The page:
In most cases, grilling on a boat is no different than grilling at home, with the exception of a moving platform and sometimes, limited grill space. Still, there is something magical about food prepared on a grill while boating! It just tastes better and gets the galley chef up onto the deck. Good vibes all around.
Below are grilling techniques we've used and some we are passing on from fellow boater recommendations. Included are links to recipes we've prepared while out on the water and some special ones passed on from friends.
Also remember that many recipies that require baking can be prepared on a covered grill when the oven isn't an options or you decide to change things up again. The trick is monitoring baking time, tuypically shorter in teh covered grill than recommended time in the oven due to higher temps. It does take practice, so don't get discouraged if things don't workout exactly as planned.
Boat grilling requires a few extra precautions due to the moving deck, flammable surroundings, and tight spaces typically found around a boat grill.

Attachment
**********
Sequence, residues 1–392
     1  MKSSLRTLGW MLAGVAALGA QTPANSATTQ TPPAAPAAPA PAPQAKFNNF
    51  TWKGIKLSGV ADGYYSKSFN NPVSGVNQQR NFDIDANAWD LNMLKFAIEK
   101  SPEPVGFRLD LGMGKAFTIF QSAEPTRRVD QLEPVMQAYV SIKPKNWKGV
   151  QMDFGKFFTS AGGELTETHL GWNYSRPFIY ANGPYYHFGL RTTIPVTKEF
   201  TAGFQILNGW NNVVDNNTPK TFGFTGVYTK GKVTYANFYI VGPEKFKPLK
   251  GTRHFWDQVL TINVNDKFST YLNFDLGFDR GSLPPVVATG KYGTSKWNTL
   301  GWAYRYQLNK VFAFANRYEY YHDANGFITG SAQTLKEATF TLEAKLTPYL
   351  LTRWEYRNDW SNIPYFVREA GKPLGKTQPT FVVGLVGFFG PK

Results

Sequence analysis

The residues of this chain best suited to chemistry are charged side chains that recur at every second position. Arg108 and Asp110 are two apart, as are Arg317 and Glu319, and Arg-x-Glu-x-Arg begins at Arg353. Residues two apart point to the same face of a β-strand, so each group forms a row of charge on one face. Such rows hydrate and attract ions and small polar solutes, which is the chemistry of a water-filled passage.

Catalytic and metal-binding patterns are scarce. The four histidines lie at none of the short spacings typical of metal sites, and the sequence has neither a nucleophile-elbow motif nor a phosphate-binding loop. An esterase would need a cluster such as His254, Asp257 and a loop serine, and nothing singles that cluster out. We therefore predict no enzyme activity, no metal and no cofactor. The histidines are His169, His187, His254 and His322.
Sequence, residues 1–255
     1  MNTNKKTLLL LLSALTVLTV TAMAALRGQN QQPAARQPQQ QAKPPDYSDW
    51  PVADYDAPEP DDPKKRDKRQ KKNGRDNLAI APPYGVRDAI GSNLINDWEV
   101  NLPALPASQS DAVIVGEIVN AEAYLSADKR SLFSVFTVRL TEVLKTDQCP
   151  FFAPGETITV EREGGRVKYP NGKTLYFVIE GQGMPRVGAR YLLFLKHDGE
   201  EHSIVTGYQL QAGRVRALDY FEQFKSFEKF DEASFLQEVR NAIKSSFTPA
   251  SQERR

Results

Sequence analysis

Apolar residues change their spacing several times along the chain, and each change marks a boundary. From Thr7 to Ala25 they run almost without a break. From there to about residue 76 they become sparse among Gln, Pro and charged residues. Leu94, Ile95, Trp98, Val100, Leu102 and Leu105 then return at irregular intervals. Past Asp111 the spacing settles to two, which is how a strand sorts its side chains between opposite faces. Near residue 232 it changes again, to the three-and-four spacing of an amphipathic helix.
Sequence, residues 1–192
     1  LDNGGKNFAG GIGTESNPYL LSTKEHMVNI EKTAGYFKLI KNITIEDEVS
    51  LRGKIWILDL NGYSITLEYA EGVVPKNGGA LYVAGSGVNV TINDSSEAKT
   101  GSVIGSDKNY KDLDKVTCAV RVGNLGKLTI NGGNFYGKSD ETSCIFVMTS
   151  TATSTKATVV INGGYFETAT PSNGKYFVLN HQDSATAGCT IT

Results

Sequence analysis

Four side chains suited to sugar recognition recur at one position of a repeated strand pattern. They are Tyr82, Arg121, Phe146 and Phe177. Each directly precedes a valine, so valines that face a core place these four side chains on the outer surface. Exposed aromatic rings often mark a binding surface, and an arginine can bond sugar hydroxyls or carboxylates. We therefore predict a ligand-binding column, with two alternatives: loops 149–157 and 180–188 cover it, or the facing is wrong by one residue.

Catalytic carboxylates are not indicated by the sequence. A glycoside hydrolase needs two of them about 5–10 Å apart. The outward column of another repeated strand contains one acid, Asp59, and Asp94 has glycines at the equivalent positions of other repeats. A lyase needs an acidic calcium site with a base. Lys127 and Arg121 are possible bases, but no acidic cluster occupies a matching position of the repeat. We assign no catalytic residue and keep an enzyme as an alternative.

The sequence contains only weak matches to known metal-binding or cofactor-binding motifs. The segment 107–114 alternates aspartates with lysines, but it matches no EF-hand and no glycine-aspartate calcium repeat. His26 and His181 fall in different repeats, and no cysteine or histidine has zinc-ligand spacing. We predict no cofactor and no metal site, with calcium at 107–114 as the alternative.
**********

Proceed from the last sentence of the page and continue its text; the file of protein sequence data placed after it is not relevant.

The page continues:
- Always grill above deck and in open space, never in the cabin. Carbon monoxide kills on a boat just like on land.
- When using a charcoal grill, always mount it so it sits over water, not your deck. Hot ashes that fall will cause damage and possibly a fire.
- Make sure the grill is mounted very securily before using. Mounted grills are always better than portable and camping style grills that may slide around or tip over.
- Never leave your grill unattended. Also keep a method of fire control close by; a fire extinguisher, fire bucket, or fire blanket all work. Fire on a boat is much worse than fire on land. You can't run for help.
- Wear grill-safe clothes. Be especially careful of wearing baggy or loose clothes, bikini wraps, or towels; all of which may catch fire if inadvertently blown close to the fire while grilling.